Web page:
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    "A fast, complex, exhilarating roadster ride through history and time.... Kino is an intoxicating Euro-brew, written with enormous skill and dedication." — Frederick Barthelme

    "Jürgen Fauth's deft mashup of genre and historical period is both a full-throttle literary thriller of ideas and a contemplative examination of film and fascism. Kino is a debut of great intellectual  force."– Teddy Wayne

    "A surprising alternative history. Kino brings the golden age of German cinema to light with loving, sometimes gritty, detail and great precision." – Neal Pollack, author of Jewball.

    "A delirious melange of conspiracy, magic, sex, history, bad behavior, and cinema, Kino is a stellar entertainment, and Jürgen Fauth is a writer of rare, sinister imagination." – Owen King, author of Reenactment

    "A light-hearted romp that leads straight into darkness and back through the shadows on the wall."– Ben Loory, author of Stories for Nighttime and Some for the Day

    "Movie nuts arise! A happy and felicitous debut."– Terese Svoboda

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All posts tagged john-malkovich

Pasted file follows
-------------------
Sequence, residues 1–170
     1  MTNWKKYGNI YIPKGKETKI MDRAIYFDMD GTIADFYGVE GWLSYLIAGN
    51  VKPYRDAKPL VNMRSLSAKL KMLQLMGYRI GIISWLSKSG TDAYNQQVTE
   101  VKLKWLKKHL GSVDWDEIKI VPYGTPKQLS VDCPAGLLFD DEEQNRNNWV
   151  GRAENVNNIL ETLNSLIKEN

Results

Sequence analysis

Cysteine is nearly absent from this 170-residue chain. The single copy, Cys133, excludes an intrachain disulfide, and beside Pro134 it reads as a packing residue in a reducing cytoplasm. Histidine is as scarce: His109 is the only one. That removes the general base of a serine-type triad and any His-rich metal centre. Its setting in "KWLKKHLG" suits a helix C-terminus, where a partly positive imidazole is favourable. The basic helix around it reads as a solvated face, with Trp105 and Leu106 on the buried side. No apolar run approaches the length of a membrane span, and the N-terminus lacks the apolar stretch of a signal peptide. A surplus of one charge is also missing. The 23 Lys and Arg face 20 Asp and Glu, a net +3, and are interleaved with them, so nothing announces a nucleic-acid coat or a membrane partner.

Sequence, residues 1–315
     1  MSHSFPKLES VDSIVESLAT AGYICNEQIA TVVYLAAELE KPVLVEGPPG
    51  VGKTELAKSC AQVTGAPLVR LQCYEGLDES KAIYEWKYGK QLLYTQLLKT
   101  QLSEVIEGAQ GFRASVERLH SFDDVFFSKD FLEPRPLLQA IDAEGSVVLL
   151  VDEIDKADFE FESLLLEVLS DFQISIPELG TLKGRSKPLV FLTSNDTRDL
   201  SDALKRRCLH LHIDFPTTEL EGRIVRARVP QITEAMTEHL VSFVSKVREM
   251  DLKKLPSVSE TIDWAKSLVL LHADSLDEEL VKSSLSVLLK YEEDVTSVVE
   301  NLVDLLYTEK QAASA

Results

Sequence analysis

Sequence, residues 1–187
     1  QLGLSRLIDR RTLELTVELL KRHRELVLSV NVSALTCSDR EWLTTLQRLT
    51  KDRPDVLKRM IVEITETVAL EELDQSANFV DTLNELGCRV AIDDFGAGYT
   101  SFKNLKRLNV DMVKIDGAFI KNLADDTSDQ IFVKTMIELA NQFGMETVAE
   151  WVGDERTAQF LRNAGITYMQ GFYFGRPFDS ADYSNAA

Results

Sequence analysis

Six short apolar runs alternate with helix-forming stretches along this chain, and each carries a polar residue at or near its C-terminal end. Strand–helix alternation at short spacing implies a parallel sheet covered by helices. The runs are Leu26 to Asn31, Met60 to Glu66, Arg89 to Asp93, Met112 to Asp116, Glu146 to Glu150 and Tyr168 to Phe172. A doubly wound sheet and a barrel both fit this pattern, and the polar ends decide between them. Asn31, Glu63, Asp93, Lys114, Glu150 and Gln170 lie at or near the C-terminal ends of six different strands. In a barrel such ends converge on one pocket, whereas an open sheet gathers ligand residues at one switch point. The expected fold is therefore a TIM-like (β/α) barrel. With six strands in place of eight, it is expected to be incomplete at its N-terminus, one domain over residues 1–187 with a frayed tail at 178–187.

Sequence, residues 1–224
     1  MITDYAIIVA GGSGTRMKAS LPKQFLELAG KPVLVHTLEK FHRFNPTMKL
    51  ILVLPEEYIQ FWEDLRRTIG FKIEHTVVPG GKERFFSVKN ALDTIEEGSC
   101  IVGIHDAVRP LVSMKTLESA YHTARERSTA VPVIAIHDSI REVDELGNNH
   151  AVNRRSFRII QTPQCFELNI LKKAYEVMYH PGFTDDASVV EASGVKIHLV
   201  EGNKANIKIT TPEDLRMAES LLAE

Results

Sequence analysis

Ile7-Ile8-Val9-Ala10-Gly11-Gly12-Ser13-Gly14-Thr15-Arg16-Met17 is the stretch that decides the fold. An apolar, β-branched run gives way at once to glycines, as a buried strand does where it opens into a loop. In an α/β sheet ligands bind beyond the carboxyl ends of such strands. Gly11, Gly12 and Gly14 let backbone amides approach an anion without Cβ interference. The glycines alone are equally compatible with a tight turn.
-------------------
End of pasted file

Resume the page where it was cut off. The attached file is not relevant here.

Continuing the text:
Robert Zemeckis’ high-tech “performance capture” adaptation of the Old English poem turns actors–Ray Winstone, Anthony Hopkins, Robin Wright Penn, John Malkovich, Angelina Jolie–into rubbery action figures. Only Crispin Glover, covered in a disgusting, festering texture, manages to infuse some sort of twisted soul into his Grendel. I saw this in 3-D, which is sorta groovy […]

Color Me Kubrick

Some movie premises sound like they were drawn out of a hat, so nobody should be surprised when the random results don’t work. “Let’s see here… we’ll get… John Malkovich! to play… a homosexual! who… impersonates… Stanley Kubrick!” I couldn’t stand more than twenty minutes of Color Me Kubrick because I found the whole mess […]

The Libertine

Unwatchable, even with the finger on the fast forward button. Johnny Depp, Samantha Morton, and John Malkovich with a ridiculous nose stumble through muddy sets and deliver pompous dialogue; everything has a sepia filter on it. It looked like Depp’s character’s face falls apart in the end. The Libertine. Laurence Dunmore, 2004. * [tags]film, 1 […]

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